Published online by Cambridge University Press: 04 August 2010
‘They pay for politics in this country but they refuse to pay for literature,’ complained Liam O'Flaherty in a letter of 14 March 1924 to his editor, Edward Garnett. ‘Literature is a poor trade in Ireland,’ Lennox Robinson remarked in the first volume of the newly established magazine, The Irish Statesman, ‘and it is difficult to think of any man or woman over here who lives entirely by writing.’ In The Irish Times, 1932, Brinsley MacNamara summed up this period succinctly: ‘The outlook for literature in Ireland at the beginning of the Free State was not so promising as it had been ten or even twenty years earlier.’ The years of fighting ending in partition of the country, a stagnant economy, the decline of the Irish language and a repressive religious ethos were just some of the factors that contributed to shape the depressed cultural, economic and social climate of post-revolutionary Ireland, so prominent a theme in the Irish short story of the 1920s and 1930s.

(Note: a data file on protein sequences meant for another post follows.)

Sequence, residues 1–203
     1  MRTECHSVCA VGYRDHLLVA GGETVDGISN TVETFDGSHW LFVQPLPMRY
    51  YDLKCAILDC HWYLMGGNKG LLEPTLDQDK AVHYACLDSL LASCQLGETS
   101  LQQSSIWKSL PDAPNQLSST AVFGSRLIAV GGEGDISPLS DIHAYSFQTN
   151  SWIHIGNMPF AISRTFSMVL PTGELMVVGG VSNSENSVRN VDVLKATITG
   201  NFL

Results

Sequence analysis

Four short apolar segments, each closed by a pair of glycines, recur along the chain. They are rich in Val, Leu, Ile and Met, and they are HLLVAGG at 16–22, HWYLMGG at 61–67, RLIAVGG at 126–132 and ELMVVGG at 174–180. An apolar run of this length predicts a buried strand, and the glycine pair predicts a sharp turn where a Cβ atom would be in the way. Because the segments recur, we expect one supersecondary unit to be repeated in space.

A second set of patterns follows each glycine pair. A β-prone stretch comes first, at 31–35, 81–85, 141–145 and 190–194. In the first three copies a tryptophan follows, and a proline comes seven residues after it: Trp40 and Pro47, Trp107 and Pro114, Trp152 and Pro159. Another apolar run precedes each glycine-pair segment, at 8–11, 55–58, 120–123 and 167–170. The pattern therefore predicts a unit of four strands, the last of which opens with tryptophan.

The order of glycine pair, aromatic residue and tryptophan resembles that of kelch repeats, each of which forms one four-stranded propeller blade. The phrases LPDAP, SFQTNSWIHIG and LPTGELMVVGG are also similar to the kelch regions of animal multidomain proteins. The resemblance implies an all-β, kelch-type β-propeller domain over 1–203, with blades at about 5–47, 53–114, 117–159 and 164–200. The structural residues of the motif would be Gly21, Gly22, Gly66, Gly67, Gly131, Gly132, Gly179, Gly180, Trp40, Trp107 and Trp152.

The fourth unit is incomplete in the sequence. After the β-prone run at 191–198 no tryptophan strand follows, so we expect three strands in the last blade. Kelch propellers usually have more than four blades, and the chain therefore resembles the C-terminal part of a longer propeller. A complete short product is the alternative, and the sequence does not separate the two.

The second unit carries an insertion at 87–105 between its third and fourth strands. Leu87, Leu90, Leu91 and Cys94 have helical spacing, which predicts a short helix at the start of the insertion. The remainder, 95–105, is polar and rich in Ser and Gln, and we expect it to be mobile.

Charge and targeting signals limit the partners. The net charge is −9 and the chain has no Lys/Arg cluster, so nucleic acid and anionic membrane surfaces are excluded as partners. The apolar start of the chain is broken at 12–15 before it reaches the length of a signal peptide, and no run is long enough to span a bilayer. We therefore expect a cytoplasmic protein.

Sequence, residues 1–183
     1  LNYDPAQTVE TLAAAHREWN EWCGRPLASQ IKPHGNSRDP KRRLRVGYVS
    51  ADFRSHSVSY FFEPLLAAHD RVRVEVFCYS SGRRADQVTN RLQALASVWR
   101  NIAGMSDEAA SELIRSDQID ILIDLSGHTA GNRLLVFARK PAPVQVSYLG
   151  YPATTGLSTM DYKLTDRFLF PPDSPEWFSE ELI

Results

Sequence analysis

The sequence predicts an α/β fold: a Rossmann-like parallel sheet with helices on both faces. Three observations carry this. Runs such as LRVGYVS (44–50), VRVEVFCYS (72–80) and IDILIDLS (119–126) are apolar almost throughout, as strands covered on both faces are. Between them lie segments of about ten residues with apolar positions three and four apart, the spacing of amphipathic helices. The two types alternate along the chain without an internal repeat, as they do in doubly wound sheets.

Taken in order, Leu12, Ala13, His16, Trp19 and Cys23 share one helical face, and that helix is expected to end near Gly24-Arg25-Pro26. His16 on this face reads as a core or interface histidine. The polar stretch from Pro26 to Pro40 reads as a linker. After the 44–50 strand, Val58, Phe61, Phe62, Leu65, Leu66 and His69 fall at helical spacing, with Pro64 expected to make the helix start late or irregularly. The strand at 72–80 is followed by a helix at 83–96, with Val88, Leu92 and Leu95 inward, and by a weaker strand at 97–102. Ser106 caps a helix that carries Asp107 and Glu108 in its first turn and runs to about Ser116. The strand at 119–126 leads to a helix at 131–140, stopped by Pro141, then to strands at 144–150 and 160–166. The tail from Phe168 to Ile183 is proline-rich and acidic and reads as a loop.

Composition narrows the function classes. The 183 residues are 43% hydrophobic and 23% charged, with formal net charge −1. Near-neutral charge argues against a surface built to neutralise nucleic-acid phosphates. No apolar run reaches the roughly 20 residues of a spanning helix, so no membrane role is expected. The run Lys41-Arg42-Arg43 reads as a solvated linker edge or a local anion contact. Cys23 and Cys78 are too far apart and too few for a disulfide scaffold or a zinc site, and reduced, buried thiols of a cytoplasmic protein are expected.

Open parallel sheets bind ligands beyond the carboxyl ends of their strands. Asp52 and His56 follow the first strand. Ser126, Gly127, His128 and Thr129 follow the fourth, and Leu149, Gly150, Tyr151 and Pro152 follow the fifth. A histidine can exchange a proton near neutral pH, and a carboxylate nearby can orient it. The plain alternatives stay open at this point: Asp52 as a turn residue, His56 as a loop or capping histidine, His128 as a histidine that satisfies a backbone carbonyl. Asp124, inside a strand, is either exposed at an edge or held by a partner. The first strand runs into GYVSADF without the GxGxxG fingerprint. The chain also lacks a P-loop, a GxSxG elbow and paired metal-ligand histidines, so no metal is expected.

One attempt to keep the literary torch alight in the exhausted years following the war of independence and the civil war was The Dublin Magazine, founded in 1923 and edited by Seumas O'Sullivan until his death in 1958. In defiance of Ireland's stultifying post-revolutionary cultural climate, O'Sullivan proclaimed his aim of ‘making a definite and practical effort towards reawakening in Ireland the unifying spirit of art, towards fostering the creative side of the national individuality in order that the country may gain the power of expressing her nobler values in the world’.